At Extractable, we partner with financial services companies who are seeking a digital transformation and improvements to their customer experience. To stay at the top of our game, we closely monitor trends in the financial service industry and champion best practices in digital experience design. This week, we’re sharing what we see as the Top 5 Design Trends in Banking across user experience, visual design, and content strategy.
1. Competition is driving digital features.
Lately, we’ve been seeing more and more financial institutions piggybacking on the innovation of FinTechs and tech companies overall. Following Venmo’s success with its Peer-to-Peer solution, banks are catching up by partnering with Zelle or Popmoney to offer direct payments within their OLB app. Similarly, chatbot technology is now picked up by the likes of BofA (Erica) and Capital One (Eno) with varying degree of success. The trend seems to be in letting the fintechs innovate and do the heavy lifting. Then, the bigger banks will eventually replicate (or acquire) the features. This “me too” approach by some banks can be challenging, when the new features are not part of a longer-term, strategic road map that’s tailored to their brand and business goals. Roadmaps help to define the role smart devices and apps play in the CX journey.
The next "big thing" we already see looming? Voice skills for banking tasks on Alexa or Google Home. Stay tuned.
2. Content hubs are here and happening.
Leading companies across industries have started reimagining their blog efforts into more diverse collections of content. These modern, intuitively-designed, one-stop content hubs are a great way to provide a variety of different content types and establish thought leadership, while increasing SEO scores and traffic. In financial services, we’re seeing banks use content hubs to emphasize financial education and wellbeing, topics that credit unions have been championing for some time. It’s an effective way for big banks to improve their brand image. Santander’s "Prosper and Thrive" portal and Amex’s small business hub "Open Forum" are great examples of this. We believe the key to a successful, dynamic content hub is hosting the content on your own platform, rather than using third party vendors, as some CUs are doing.
Considering the huge success of portals like Pennyhoarder.com or Nerdwallet.com, we believe the demand for reliable, financial wisdom will remain steady.
3. Simple, "start-up" design is on the rise with new FIs.
We are seeing emerging FI’s follow a design approach that is more in line with start-ups than with banks. This isn’t so surprising for FinTechs, who tend to distinguish themselves as innovative tech companies. But we’re also seeing the trend with new digital only banks like Simple, Chime or N26, as well as community banks like Umpqua Bank. This approach positions these banks as smart thought leaders while simplifying their experiences for customers.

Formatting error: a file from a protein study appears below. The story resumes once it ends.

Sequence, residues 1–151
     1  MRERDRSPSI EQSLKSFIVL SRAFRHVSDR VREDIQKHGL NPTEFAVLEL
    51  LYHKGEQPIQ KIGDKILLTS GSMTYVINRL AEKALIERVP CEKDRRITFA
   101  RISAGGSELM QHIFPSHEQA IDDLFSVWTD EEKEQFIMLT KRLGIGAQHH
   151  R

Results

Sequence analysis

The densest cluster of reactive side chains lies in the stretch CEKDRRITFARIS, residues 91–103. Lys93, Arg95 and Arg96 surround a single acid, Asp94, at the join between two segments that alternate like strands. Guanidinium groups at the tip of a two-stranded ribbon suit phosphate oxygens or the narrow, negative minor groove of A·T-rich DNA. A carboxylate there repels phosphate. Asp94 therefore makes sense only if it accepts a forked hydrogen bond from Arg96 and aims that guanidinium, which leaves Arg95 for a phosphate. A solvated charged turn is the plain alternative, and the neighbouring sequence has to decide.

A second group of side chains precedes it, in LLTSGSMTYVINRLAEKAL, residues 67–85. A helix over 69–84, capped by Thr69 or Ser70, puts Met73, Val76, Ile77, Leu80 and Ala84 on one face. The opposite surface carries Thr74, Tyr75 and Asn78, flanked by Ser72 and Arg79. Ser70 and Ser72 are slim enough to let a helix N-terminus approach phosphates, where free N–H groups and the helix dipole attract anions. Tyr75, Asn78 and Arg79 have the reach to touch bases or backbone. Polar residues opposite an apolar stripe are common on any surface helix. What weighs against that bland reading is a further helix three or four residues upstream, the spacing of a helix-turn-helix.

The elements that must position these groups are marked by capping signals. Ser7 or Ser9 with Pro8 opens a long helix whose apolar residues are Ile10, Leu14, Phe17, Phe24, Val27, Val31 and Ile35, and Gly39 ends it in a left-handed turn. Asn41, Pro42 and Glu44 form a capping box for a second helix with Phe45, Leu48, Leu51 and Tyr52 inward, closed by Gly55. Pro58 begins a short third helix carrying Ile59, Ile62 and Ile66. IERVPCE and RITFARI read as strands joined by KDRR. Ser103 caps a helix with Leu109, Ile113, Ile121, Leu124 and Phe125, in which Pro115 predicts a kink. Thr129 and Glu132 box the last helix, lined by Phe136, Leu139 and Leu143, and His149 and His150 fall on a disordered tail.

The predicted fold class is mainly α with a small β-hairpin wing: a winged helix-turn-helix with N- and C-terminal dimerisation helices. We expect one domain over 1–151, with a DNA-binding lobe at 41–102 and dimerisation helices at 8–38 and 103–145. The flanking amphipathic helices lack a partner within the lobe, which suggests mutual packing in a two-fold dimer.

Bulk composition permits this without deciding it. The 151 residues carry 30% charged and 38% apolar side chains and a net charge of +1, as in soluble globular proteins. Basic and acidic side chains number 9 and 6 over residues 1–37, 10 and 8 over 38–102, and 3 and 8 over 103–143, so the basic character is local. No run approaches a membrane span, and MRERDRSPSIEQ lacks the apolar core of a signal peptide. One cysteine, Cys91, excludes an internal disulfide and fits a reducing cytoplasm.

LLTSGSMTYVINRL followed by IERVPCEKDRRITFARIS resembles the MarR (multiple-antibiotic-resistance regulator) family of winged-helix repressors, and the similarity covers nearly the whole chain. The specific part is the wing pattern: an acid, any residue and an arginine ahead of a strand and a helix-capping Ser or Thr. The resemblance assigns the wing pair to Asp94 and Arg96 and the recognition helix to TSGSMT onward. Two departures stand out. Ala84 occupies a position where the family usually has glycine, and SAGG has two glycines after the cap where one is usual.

Some of the visual design elements that define this simple brand model are a clean, almost basic logo, geometric sans serif typeface (think Google font), color gradients, customized iconography and/or illustration style. Perhaps most noteworthy, these companies are following a mobile first approach. The layout tends to be larger, with less dense content, and significant white space. Color palettes are pushed towards a very light to white tonality and are guiding users with very bright accent colors. This allows for a highly “scannable” and “scrollable” experience. Micro interactions help to promote and explain specific features and functionalities.
Our latest prototype for SouthShore Bank is a good example how any bank can undergo this digital transformation.
4. FI’s are finally embracing Design Thinking.
Design Thinking is a phased design process created at Stanford’s d.school, and consists of a collection of methods and tools — interviews, storyboards, prototypes, iteration. Design Thinking can not only help to generate new features and products, but also workshops, which are a great way to coach internal staff to embrace innovation and collaboration across silos. This allows design thinking to have an impact on the culture of an organization:
As part of this digital transformation, banks are increasing their in-house design teams and innovation labs. New disciplines and specialists — UX Designers, Visual Designers, Digital Strategists —are joining FI teams, which leads sometimes to the clash of two different mind-sets: the risk-averse accountability of financial managers with the iterative, sometimes messy, “fail fast” approach of agile development. This is where a common knowledge and experience of Design Thinking can help bridge gaps and make the transition a success.
Design Thinking is a radical user centered approach and in this way, is similar to Service Design and CX journeys, which traditionally play a big role for retail experiences.
5. Digital native FinTechs are influencing real world innovation, too.
According to Don Norman, the term User Experience was always meant to encompass all touch points of the users interactions. This definition is way broader that what we often see today in the digital practice. So while some traditional FIs think FinTechs don’t always understand offline banking experiences, it’s refreshing to see services like Acorns and Venmo show that they “get it.” Both companies are issuing new debit cards, and have changed the orientation of the card from horizontal to vertical, a future-forward approach that aligns with how we use today’s chip-enabled cards.
To learn more about the state of digital in the financial industry check out our latest report: Best Digital Experiences in Banking 2018